Exercises in divergent thinking can improve mental connections between unexpected ideas, inspiring creative solutions and unlocking “aha” moments.
Whether you’ve been using Evernote for nine minutes or nine years, you’ve no doubt seen how it can help you (or your entire team) become more productive at work. But the road to greater team productivity is far from smooth. Paradoxically, the very apps promising to liberate us can actually make it harder to get anything done, by creating more places for our ideas to hide. Here at Evernote, we
Brainstorming is one of the best ways to generate ideas and solve problems, alone or in a group. There’s no substitute for the free, improvisational flow of ideas, but that doesn’t mean you shouldn’t think ahead. Here are some tips and techniques for getting the most out of your brainstorming sessions. Brainstorm your brainstorm If you’re asked to lead a team brainstorm, but you’re new to it, preparation is key.
The Death of Socrates (Detail), Jacques-Louis David, 1787 Life boils down to just two things: experience and information. Experience is what happens in your brain. The slippery chill of diving into a swimming pool. The bittersweet taste of chocolate ice cream on your tongue. Those are experiences. Information is the breadcrumb trail left behind by experience. The photograph of you by the pool. The chocolate stain on your shirt. Information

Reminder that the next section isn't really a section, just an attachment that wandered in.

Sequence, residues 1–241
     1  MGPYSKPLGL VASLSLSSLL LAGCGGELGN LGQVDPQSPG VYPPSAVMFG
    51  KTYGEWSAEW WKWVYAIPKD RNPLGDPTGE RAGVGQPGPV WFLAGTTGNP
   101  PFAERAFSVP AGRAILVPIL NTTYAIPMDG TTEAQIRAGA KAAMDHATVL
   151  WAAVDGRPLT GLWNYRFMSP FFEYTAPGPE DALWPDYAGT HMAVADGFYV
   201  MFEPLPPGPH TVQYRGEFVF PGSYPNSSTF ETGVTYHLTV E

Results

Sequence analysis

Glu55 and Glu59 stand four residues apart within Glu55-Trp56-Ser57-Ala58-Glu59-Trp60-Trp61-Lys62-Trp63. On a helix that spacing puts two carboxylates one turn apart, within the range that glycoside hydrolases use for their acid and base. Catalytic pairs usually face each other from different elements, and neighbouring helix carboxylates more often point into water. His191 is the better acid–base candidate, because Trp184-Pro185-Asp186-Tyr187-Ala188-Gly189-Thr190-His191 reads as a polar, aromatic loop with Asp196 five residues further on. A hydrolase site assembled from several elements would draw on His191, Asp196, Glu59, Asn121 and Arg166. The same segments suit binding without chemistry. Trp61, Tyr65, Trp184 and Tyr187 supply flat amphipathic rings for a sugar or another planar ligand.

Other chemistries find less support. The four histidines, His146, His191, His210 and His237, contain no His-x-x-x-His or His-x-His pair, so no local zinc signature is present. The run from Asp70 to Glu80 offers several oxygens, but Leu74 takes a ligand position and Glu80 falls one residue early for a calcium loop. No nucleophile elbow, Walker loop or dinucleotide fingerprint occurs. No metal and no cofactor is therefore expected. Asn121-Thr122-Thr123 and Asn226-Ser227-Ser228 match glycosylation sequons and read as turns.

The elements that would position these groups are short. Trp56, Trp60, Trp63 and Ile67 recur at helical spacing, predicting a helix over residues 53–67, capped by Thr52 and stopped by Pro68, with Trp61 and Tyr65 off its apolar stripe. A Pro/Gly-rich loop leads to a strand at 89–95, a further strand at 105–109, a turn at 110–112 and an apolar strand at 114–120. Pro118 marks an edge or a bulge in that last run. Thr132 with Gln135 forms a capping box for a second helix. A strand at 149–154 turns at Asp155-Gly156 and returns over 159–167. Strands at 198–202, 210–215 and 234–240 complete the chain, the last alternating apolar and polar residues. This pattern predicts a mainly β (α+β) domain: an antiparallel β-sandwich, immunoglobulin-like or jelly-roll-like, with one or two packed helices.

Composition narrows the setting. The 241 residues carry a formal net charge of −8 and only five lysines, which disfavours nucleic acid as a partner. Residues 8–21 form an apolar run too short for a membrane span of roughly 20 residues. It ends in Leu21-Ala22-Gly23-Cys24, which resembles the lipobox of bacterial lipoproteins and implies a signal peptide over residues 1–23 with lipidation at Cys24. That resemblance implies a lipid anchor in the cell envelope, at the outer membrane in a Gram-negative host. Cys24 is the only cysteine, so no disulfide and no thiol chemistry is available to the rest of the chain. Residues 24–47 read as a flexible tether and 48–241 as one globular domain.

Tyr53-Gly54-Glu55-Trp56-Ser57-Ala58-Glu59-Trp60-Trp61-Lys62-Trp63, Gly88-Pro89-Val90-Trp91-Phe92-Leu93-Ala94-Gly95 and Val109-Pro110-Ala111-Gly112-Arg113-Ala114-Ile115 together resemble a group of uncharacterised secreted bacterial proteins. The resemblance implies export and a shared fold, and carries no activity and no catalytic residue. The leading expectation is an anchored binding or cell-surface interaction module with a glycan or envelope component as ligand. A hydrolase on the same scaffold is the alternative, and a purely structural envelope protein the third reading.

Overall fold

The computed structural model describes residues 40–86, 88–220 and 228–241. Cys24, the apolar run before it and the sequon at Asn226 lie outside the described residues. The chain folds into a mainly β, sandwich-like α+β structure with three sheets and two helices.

On the Evernote blog, creativity is a constant theme. The very nature of creativity—how we find it, capture it, save it, and how we use it, has been a persistent narrative of many of our posts. It has defined topics ranging from authors and writers to filmmakers and designers. The fascinating takeaway from these dialogues is that the fundamental search for understanding how ideas work has implications far beyond the
Each year at high school graduation time, as another freshly-minted generation of teenagers begins adulting, I always reflect on two memories that have stayed with me from my graduation: The cringe-worthy pictures of the overly-gelled hair that I sported for much too long. Thanks, Julie Greenspoon for still going to Freshman Homecoming with me! The moment when the principal announced that I would be attending Harvard and my precalculus teacher